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CEO of energy firm sees shale play profits in future.

With the rush to scoop up mineral rights largely complete in the natural gas-laden Fayetteville Shale Play, profitability is now in the hands of the energy companies set to increase drilling there.

In the case of Chesapeake Energy Corp. of Oklahoma City, the second-biggest player in the shale play behind Southwestern Energy Co. of Houston, it will begin 2007 with only three working rigs. But the company plans to end the year with more than 15 in use. Each rig is capable of drilling as many as 15 wells annually.

"In 2007, we plan to drill between 50 and 75 wells that will cost as much as $175 million," Aubrey McClendon, chairman and CEO of Chesapeake, told the Rotary Club of Little Rock last week. "The land and the gas are there. Now we just have to go get it and make it profitable."

Chesapeake thinks about 350,000 acres it owns will be productive, compared with nearly 850,000 acres secured by Southwestern.

McClendon said the Fayetteville Shale Play in north-central Arkansas, which once held promise to be the largest natural gas field in the country, is now believed to about 75 percent the size of the Barnett Shale Play and about 75 percent as productive. The Barnett Shale near Fort Worth, Texas, is the largest unconventional reserve of natural gas in the country and produces as much as 4 percent of the country's daily output of gas.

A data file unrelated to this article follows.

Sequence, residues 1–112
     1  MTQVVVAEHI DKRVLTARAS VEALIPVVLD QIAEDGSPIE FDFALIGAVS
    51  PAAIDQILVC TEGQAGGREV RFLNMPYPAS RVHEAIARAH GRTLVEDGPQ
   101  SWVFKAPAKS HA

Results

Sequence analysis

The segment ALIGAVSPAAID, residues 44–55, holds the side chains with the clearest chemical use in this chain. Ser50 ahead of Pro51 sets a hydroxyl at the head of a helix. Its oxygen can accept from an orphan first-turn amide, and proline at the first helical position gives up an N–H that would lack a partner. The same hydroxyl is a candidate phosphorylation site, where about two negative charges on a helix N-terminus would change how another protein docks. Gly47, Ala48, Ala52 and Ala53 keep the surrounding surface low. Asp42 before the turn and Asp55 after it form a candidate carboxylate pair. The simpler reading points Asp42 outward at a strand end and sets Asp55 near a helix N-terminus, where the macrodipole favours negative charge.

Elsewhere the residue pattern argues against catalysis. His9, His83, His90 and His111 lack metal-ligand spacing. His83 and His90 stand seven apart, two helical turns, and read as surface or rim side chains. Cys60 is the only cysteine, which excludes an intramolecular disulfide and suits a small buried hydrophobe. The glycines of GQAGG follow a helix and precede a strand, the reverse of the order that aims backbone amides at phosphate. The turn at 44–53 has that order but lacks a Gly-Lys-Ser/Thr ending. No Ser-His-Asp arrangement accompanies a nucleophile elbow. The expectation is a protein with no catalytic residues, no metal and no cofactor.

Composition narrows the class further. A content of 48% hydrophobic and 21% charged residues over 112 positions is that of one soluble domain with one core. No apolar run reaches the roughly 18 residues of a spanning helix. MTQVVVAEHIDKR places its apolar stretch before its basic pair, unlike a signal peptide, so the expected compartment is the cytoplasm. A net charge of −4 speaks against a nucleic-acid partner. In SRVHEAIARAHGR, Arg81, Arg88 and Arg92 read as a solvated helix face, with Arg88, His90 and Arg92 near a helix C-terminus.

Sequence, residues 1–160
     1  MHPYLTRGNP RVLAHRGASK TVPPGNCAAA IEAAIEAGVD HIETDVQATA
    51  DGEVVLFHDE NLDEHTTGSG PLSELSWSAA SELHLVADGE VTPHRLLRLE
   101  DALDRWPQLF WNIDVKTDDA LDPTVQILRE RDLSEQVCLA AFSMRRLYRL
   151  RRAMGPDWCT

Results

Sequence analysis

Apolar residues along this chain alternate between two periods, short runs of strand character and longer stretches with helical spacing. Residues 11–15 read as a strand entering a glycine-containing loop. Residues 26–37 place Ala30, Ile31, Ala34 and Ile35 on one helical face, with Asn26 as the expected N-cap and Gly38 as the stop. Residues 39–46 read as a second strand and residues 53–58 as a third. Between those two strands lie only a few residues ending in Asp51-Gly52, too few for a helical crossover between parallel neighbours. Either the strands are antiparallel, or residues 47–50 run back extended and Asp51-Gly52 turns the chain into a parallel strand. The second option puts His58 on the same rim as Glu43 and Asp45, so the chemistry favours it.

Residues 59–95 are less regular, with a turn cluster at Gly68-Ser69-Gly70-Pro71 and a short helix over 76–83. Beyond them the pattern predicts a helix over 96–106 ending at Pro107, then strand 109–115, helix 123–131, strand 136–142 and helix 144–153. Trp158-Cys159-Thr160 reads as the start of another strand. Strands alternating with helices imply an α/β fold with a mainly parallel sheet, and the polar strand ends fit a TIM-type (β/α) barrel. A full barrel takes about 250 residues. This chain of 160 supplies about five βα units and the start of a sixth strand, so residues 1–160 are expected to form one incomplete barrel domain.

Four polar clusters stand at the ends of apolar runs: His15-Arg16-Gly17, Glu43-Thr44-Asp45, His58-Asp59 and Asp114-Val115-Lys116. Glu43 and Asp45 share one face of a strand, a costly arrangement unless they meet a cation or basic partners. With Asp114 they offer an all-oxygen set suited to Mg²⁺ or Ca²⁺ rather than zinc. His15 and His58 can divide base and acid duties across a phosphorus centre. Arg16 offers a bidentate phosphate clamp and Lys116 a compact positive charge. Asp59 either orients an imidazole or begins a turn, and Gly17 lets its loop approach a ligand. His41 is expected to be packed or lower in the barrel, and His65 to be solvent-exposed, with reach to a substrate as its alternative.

Still, McClendon said, north-central Arkansas could see as many as 30,000 wells, about $75 billion invested and between $150 billion and $500 billion worth of natural gas produced.

Questioned about Arkansas lawmakers who want to raise severance taxes to ensure the state capitalizes on the natural gas boom, McClendon said that taxing energy companies more would immediately compound the problem of finding ways to make the Fayetteville Shale Play profitable. Waiting until the money begins flowing, he said, would be in the best interest of everyone.

"We are not making money in this play, but we hope to down the road," McClendon said. "To me that's an argument or debate that should occur once this play is more mature and costs have come down and the resource base has grown. I would encourage those of you in that discussion to try and hold your fire a little bit and let us get this play up and running and profitable, and then I think the industry would be happy to sit down and talk about the appropriate level of taxation."
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Title Annotation:ENERGY
Author:Hinkel, Nate
Publication:Arkansas Business
Date:Dec 18, 2006
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